FENNIMORE — When Anna Moffit's son stopped talking at age 2, her private health insurance wouldn't cover speech therapy, which Moffit said she couldn't afford.
She got help from the state, which paid for the therapy through a Medicaid program she fears might be cut as state officials trim $500 million from Medicaid over the next two years.
"I do not want them to be targeting children with disabilities," Moffit, of Madison, said at a "town hall" meeting Tuesday at Southwest Technical College.
Department of Health Services Secretary Dennis Smith and Deputy Secretary Kitty Rhoades listened to concerns and suggestions about Medicaid, the state-federal health plan for the poor. Medicaid has an annual budget of $6.7 billion, roughly 60 percent from federal money, and covers 1.2 million people in Wisconsin, or one in five residents. It includes BadgerCare Plus, Family Care, SeniorCare and other services.
Gov. Scott Walker's proposed biennial budget calls for $500 million in Medicaid cuts. Smith and Rhoades will take public input on the cuts in at least two more meetings, in Green Bay and Milwaukee. Thirty people spoke in Fennimore, many of them representing people with disabilities; 65 spoke at the first meeting last week in Eau Claire.
Smith, repeating earlier statements, said he will seek federal permission to review patients' Medicaid eligibility more frequently and increase patient fees instead of dropping higher-income people from the program or eliminating optional benefits such as prescription drugs.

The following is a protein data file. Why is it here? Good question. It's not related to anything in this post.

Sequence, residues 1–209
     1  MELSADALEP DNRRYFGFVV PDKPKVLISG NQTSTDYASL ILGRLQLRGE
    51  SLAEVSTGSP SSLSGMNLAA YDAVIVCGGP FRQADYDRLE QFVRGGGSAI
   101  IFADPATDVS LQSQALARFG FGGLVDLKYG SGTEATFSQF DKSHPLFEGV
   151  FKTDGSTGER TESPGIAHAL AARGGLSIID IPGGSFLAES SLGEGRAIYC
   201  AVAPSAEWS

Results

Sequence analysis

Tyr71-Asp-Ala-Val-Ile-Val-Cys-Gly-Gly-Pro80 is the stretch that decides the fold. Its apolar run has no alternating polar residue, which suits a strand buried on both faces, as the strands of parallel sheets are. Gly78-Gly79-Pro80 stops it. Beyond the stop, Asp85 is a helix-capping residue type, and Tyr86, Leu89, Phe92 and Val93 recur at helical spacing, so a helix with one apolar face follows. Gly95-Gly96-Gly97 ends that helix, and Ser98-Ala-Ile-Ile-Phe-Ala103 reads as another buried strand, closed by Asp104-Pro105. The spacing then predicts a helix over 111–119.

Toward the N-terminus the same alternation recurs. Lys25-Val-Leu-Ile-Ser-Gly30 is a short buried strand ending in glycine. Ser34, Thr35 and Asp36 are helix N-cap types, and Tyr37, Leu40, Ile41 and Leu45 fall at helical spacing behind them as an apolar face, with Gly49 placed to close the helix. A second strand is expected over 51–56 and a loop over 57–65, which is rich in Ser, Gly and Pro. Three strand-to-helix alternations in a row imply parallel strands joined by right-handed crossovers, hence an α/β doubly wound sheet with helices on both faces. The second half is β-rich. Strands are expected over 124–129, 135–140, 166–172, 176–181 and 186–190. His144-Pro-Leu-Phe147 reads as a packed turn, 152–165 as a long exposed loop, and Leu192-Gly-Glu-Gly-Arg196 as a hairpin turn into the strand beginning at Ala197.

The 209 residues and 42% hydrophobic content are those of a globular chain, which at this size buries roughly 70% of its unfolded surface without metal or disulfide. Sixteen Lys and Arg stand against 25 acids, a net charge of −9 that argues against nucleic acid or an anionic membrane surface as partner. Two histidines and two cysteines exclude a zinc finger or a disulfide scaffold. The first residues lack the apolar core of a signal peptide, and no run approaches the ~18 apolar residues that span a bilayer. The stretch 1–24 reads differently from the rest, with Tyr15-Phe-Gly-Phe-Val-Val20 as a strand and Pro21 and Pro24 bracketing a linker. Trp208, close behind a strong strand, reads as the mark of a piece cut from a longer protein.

Moffit said she hopes the state doesn't cut the Katie Beckett program, an optional Medicaid benefit that covered speech therapy for her son, Felix, now 4. "The services helped tremendously," she said.
Felix was diagnosed with autism at age 3, and the family's private insurance now covers his care.
Smith said in an interview he won't make changes to the Katie Beckett program.
Will Buros, a youth services coordinator at Passages, a program for abused women and their children in Richland Center, said he worries about Smith's plan to encourage more people to use "self-directed" longterm care instead of getting services through an agency.
Self-directed care gives people with good cognitive abilities more control over their care, Buros said, but it also allows people posing as friends or caregivers of vulnerable patients to make extra money.
"To me it's kind of a scam," Buros said. "They milk the system for everything it's worth."
Safeguards prevent fraud in Family Care, the state's main longterm care program, and its self-directed alternative, known as IRIS (Include, Respect, I Self-Direct), Rhoades said. She noted that an audit on Family Care is to be released soon.
Tina Pohlman questioned Family Care's decisions in helping her live with lupus, an autoimmune disease, and antiphospholipid antibody syndrome, or APS, which causes clots and strokes.
She said Family Care pays too much for a nurse to review her paperwork but has refused cardiac rehab that could improve her condition. She runs the nonprofit APS Foundation of America out of her La Crosse home.
"I try to do as much as I can on my own because I know the state budget is tight," she said.
Smith suggested she go on IRIS, the self-directed program.
Herb Thomas, a real estate broker from Richland Center, said Medicaid should encourage more disabled people to work when they can and make them use some of the earnings to pay for their care.
"Most would welcome the opportunity to give back and contribute," he said.